Crypto has not had the best of years to say the least. While the rest of the economy experienced a downturn in 2022, the crypto world went into freefall.
The average value of bitcoin, the world’s largest and best-known cryptocurrency, fell by 64 percent, according to data from Google Finance. And then the trading platform FTX, a company that advertised everywhere in 2022, fell. Wall Street banks that previously sought to partner with crypto companies to give their clients access to the emerging markets are now skeptical of crypto. And co-founder Sam Bankman-Fried of FTX, who is pleading not guilty, will remain in the spotlight for now.
So yes, there are plenty of reasons to be pessimistic about crypto in 2023. But analysts Gautam Chhugani and Bernstein’s Manas Agarwal still see some hopeful signs.
In a note published on January 3, they wrote that the broader crypto ecosystem has plenty of potential despite the disastrous 2022. Its decentralized nature allows crypto to bounce back from debacles such as with FTX, it has strong roots with Ethereum, and it is likely to benefit from the inevitable regulation to come.
In their words, crypto has a “survival instinct.”
Crypto continues to make a comeback
Last year was not the first “crypto winter.” Bitcoin was already hit hard in 2014, falling in value by 58 percent that year. And in 2018, the currency continued to sink further for no less than a year and a half. But both times bitcoin revived very strongly.
Ethereum, the other major cryptocurrency, followed much the same pattern of massive retreat followed by a strong recovery between 2018 and 2020.
As Ross Gerber said in 2021 during Yahoo Finance Live, “Bitcoin and Ethereum are like cockroaches. They just don’t die.”
The decentralized system is one of the main reasons why crypto is like a cockroach. For example, Chhugani and Agarwal point out that the collapse of FTX has led to little pollution.
“FTX has been terrible for the reputation of the industry and has eroded the confidence of institutional investors who have invested in the platform,” the analysts said. “But FTX accounted for 10 percent of global trading volume and was mostly used by brokers, trading firms and large traders.”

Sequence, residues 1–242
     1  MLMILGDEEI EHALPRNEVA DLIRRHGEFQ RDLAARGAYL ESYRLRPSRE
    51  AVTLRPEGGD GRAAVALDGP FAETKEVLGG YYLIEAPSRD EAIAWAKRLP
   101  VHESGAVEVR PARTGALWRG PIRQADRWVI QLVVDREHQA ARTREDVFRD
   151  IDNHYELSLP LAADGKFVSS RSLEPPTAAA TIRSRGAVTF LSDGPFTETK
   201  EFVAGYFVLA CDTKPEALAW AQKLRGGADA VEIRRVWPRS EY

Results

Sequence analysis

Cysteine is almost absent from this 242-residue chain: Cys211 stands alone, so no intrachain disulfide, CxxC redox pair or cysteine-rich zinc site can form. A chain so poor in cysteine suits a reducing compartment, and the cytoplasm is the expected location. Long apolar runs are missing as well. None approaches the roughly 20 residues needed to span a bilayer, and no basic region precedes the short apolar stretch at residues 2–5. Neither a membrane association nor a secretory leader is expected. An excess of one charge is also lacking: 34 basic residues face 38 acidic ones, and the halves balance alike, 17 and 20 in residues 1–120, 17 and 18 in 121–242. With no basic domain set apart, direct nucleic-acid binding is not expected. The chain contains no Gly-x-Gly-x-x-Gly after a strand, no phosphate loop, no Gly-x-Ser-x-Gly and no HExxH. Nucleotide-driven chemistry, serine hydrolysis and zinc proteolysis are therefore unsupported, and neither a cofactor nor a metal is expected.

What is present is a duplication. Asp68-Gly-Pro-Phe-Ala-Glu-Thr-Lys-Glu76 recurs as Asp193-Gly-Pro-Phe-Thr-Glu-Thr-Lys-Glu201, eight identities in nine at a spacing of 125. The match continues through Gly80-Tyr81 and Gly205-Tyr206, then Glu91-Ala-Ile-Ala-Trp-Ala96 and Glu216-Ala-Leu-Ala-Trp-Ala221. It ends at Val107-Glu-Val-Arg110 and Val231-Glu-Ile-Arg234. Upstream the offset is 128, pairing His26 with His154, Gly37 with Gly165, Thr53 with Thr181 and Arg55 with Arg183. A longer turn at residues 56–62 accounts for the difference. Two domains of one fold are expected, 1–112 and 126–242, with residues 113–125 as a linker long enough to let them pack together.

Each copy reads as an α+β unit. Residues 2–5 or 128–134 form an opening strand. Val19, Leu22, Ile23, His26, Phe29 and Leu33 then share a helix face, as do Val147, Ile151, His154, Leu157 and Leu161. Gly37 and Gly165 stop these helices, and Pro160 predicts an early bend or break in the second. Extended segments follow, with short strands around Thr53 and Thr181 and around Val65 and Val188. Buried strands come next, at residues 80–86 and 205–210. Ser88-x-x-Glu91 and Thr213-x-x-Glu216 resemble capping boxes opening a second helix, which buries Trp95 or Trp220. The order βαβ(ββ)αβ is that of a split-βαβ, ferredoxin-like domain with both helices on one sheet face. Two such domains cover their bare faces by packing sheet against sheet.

Most of the crypto world is still decentralized. Take decentralized finance, or DeFi, which uses the same network of computers to provide financial services to people.
According to Chhugani and Agarwal, the collapse of FTX has accelerated the adoption of DeFi, which will attract many investors.
The rise of DeFi
Most DeFi projects are not feeling the fallout from FTX, and Bernstein’s analysts believe investors may well shift their focus to Ethereum and its mostly application-based ecosystem.
Ethereum is the foundation for many crypto applications, such as NFT-based games, decentralized social media, and online commerce. They often use either the Ethereum blockchain to build their applications or the Ethereum coin ether to complete the transactions. According to Chhugani and Agarwal, crypto reaches only 5 percent of the total number of Internet users, and applications are the main path to growth.
“We believe that the value of crypto will shift from speculative cryptocurrencies to more useful and application-built ecosystems like Ethereum,” they write.
The benefits of regulating the wild west in finance
Agarwal and Chhugani believe that regulation is coming for the crypto world and believe that the market will benefit from it.
Crypto fans are usually against regulation. Blockchain and bitcoin emerged in response to the 2008 financial crisis, and early adopters wanted to break away from the heavily regulated world of traditional finance.
But as crypto became more and more mainstream, investors clamored for regulation. And after FTX’s collapse, that call has only become stronger.
According to the analysts, the new policy will ensure a more sustainable ecosystem and thus attract more institutional investors. In their view, established trading platforms will survive the current downturn cycle.
Agarwal and Chhugani still see great potential for crypto, especially if people move away from seeing it as a speculative means of making money quickly and focus on being part of the infrastructure as the internet evolves in the coming years.